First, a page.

Hmmm… I thought I’d be through with this book in 3 posts or so, but that clearly isn’t the case!
Lewis revises his statement that chastity is the most unpopular virtue: forgiveness may just be more undesirable. He poses the question, “What does it mean to love your neighbour as yourself?” [As Alistair Begg put it, “Does it mean going round saying, ‘I love me, I love me, I love me’?”]
He says loving your neighbour is not:
- A feeling of fondness or affection. We don’t always feel fond of ourselves, or always enjoy our own company.
- Thinking him to be nice. “[M]y self-love makes me think myself nice, but thinking myself nice is not what makes me love myself. … In my most clear-sighted moments not only do I think myself a nice man, but I know that I am a very nasty one. I can look at some of the things I’ve done with horror and loathing. So apparently I’m allowed to loathe and hate some of the things my enemies do.”
- Not punishing him.
He concludes that loving your neighbour is “wishing his good, not … saying he is nice when he is not. … [T]his means loving people who have nothing lovable about them.”
The Great Sin
He describes this sin as a vice “which everyone in the world loathes when he sees it in someone else”. What is it? Pride. He makes this astonishing statement: “Pride leads to every other vice.”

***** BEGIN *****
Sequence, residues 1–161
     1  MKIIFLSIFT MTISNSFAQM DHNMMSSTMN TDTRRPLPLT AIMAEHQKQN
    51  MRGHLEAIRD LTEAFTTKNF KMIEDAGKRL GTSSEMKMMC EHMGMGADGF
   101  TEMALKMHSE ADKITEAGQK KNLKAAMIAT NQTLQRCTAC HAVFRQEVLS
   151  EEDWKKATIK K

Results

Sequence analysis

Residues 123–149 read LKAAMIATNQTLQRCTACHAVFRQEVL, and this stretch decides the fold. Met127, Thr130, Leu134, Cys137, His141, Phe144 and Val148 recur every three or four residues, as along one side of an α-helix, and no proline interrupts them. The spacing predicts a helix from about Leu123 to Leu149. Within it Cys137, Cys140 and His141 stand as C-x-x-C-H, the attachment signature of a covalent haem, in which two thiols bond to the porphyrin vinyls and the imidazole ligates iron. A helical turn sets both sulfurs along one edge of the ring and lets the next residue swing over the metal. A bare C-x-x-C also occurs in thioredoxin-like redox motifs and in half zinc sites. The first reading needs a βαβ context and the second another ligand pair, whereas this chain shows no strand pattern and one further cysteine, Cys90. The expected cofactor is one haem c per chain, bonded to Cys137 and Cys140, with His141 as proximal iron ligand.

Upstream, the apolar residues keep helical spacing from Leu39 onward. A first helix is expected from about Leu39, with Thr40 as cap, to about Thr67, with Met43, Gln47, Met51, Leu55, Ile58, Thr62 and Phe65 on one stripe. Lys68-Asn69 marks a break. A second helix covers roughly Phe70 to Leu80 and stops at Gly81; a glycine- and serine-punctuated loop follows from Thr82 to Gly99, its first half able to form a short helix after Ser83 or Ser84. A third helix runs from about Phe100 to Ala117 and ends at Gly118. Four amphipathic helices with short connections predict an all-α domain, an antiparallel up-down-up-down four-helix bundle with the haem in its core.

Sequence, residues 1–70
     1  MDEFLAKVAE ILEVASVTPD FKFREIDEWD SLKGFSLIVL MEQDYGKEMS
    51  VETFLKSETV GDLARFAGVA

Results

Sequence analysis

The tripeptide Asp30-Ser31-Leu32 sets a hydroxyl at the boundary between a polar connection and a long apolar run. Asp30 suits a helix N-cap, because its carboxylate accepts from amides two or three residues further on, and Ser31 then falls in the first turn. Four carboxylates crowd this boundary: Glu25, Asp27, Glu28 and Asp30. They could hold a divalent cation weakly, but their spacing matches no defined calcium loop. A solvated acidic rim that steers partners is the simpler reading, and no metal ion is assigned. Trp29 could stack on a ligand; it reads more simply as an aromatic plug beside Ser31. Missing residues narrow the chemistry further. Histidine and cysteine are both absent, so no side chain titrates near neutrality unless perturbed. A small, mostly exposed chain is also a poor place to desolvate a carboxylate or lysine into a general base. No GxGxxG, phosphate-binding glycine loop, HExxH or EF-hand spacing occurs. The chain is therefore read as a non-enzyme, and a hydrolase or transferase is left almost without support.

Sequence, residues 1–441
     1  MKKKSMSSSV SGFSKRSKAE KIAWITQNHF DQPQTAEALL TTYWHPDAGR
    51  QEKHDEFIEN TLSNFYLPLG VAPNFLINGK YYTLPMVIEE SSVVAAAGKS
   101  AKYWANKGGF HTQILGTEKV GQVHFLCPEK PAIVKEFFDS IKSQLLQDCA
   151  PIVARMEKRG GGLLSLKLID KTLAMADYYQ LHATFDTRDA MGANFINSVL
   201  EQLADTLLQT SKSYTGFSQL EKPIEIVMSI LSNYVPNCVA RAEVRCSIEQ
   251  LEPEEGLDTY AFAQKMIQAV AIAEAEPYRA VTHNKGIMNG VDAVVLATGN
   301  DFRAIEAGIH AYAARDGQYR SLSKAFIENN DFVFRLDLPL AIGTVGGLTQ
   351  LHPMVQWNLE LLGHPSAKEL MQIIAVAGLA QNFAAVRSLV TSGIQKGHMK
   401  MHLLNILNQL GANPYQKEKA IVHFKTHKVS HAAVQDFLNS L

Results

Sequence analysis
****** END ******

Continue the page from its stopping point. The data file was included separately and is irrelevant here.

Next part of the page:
Pride gets no pleasure out of having something, only out of having more of it than the next man. … It is the comparison that makes you proud: the pleasure of being above the rest. … Nearly all those evils in the world which people put down to greed or selfishness are really far more the result of Pride … Other vices may sometime bring people together: you may find good fellowship and jokes and friendliness among drunken people or unchaste people. But pride always means enmity – it is enmity. And not only enmity between man and man, but enmity to God.
Pride is enmity to God because He is infinitely superior to us. A proud person is alway looking down on things and people, and therefore completely misses what is above him. He then raises the question of those who claim to be religious but are quite obviously consumed by pride. The answer is this: “Whenever we find that our religious life is making us feel good – above all, that we are better than someone else – I think we may be sure that we are being acted on, not by God, but by the devil. The real test of being in the presence of God is, that you either forget about yourself altogether or see yourself as a small, dirty object. It is better to forget about yourself altogether. ”
The first step to acquiring humility is to realise that one is proud. He concludes by saying, “If you think you are not conceited, it means you are very conceited indeed.”
Continue to Part 5.